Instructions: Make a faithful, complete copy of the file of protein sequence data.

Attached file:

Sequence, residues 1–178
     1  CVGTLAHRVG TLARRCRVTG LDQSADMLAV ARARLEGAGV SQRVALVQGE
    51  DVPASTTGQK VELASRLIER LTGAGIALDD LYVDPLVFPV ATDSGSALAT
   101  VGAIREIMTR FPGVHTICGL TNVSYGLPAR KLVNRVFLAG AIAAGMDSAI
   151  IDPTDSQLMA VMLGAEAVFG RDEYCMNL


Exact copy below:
Sequence, residues 1–178
     1  CVGTLAHRVG TLARRCRVTG LDQSADMLAV ARARLEGAGV SQRVALVQGE
    51  DVPASTTGQK VELASRLIER LTGAGIALDD LYVDPLVFPV ATDSGSALAT
   101  VGAIREIMTR FPGVHTICGL TNVSYGLPAR KLVNRVFLAG AIAAGMDSAI
   151  IDPTDSQLMA VMLGAEAVFG RDEYCMNL